Such a perspective relies on a fundamentally ahistorical congealing of highly different experiences and orientations, and it suppresses important political issues. A major failing in this reductionist enterprise is appreciation of the different context in which Lenin reluctantly turned to limited coercive measures to preserve a revolution under siege, in contrast to Stalin embracing widespread terror as a fundamental feature of his regime. Moreover, such a perspective actually diminishes our capacities to grasp how different were the purposes of Lenin and Stalin. The former never abandoned a commitment to internationalism and world revolution, while the latter turned inward in a parochial defensiveness that spelled the political defeat of the revolutionary process. Trotsky referred to Stalin as “The Great Organizer of Defeats” precisely because the politics of “socialism in one country” spelled disaster for the world revolution. The lives lost in struggles compromised, curtailed, and worse, from China in the 1920s to Spain in the 1930s to Indonesia in the 1960s are bloodied proof of this sorry record.
In the first part of his book Le Blanc provides a succinct biography of Lenin, who grew up in an educated family. A formative moment in Lenin’s development was the arrest and execution of his beloved elder brother, Alexander, who had been involved in a plot to assassinate the tsar.
Lenin himself became a revolutionary, influenced by the Marxism of Georgi Plekhanov. He studied capitalist development in the Russian countryside, authoring a major book on the subject in 1899. Driven into exile, Lenin distinguished himself at the time of the 1905 Revolution by insisting that a “democratic dictatorship of the proletariat and the peasantry” was the necessary foundation of advancing social democracy in Russia. In the years leading up to World War I, Lenin charted the path of the Bolsheviks within the Russian Social-Democratic Labour Party.
It was in 1917, however, that Lenin’s capacities of revolutionary leadership were brilliantly revealed: his April theses catapulted the Bolsheviks into the leadership of those forces challenging Kerensky’s Provisional Government; where others vacillated, Lenin advocated the insurrection that would culminate in a relatively bloodless seizure of power that proclaimed the world’s first workers’ state under the slogan “All power to the soviets”. More than any other single individual in the history of modern revolutionary movements, then, Lenin had both seen and advocated a path to the possibility of building the prerequisites of socialism.
He did this, of course, in the most inauspicious of circumstances. As a Marxist, Lenin had been schooled in the theory that socialism would emerge out of the contradictions of advanced, urban capitalist societies, in which the proletariat was the dominant class. Instead, the path to socialism first presented itself amid the different contradictions of Russian capitalism, where an unevenly developed economy was characterised by massive concentrations of capital floating like islands amid a landed sea of peasant-based rural agrarianism. Lenin also had to confront not only the internal civil war waged by domestic opponents of the new regime. He also had to conduct a war on external fronts as well, in which the necessity of beating back the armies of foreign powers amassed on Russia’s borders during World War I was complicated by the hostility of global capitalism, whose nation states betrayed little sympathy for the revolutionary experiment associated with Bolshevism’s 1917 victory.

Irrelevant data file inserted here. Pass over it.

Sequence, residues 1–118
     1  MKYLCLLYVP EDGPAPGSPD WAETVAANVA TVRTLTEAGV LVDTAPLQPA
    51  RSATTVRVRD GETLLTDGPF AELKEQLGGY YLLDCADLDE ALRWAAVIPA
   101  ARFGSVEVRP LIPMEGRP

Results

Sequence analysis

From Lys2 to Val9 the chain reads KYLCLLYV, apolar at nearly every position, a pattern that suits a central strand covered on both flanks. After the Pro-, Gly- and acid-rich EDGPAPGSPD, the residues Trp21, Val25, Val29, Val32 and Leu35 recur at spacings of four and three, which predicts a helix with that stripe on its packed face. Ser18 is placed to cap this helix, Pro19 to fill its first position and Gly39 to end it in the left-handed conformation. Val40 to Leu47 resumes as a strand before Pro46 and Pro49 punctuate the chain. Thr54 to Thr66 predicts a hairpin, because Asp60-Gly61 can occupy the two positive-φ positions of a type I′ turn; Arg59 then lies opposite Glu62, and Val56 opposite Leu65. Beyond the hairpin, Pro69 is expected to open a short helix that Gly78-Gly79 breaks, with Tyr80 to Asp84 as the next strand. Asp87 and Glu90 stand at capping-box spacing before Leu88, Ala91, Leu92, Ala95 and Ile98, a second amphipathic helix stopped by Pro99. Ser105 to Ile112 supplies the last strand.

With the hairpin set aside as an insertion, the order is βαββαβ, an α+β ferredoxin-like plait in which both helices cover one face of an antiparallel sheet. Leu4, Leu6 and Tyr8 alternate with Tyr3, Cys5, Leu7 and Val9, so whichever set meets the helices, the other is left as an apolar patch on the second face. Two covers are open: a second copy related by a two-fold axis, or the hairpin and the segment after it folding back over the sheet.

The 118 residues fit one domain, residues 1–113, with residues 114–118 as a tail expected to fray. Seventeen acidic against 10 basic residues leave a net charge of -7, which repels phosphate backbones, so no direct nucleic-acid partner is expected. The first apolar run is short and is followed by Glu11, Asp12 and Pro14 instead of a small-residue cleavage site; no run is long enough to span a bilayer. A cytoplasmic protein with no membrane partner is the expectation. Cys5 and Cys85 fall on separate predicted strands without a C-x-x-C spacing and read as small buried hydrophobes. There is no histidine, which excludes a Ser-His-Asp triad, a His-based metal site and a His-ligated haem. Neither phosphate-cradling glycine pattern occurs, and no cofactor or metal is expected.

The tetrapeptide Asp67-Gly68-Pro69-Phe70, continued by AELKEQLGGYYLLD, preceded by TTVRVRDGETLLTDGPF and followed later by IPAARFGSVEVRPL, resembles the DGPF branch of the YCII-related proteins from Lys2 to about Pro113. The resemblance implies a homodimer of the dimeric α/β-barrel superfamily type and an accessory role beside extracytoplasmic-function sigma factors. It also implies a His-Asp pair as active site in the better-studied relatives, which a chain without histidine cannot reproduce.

To sustain this experiment, Lenin, Trotsky and others understood that revolution must also break out in Europe, most pivotally in Germany, for the beginnings of socialism in Russia were too precarious and weak to survive without new bastions of revolutionary achievement and hope appearing on the horizon.
No such breakthroughs beyond Russia materialised. Lenin, Trotsky and the Bolsheviks were forced into a variety of retrenchments. They struggled to preserve what they could of the gains and aspirations of their 1917 revolution, but they adopted measures that they themselves would, in better circumstances, certainly have avoided.
Lenin’s accomplishment was thus also his tragedy. Faced with the concrete prospects of taking state power in the name of a future socialism that was in some sense already compromised by the backward realities of Russia’s complex political economy, Lenin had no choice but to seize the prospects of the moment. He could do little more than gamble that revolutionary initiatives elsewhere would break open the future advance of socialism on more than a limited, national scale. To have refused to advance the world revolution in Russia, when the opportunities so obviously presented themselves in 1917, as some of Lenin’s counterparts advocated, would only have further mired the worker-peasant masses in worsening immiseration and straightjacketed the political possibilities of the country’s producers for decades to come. It would also inevitably have weakened the prospects of the European revolution. Lenin’s brilliance was his realisation that a necessary daring and defiance of the odds was humanity’s only hope. His failure, over-determined by so many of the objective conditions and developments of his times, would leave socialism at the mercy of Stalinism’s defeatist distortions, which would be anything but tender.
Le Blanc’s outline of these developments in his lengthy introduction is masterful. It provides a patient pedagogical survey of how so many writings on Lenin, from conservative critics to socialist activists, get their Lenin fundamentally wrong. His sardonic list of 10 reasons for not reading Lenin conveys well that those who think the world is as it should be will always find ways of deriding both the experience of the Russian Revolution of 1917 and the figure who did the most to bring it to fruition.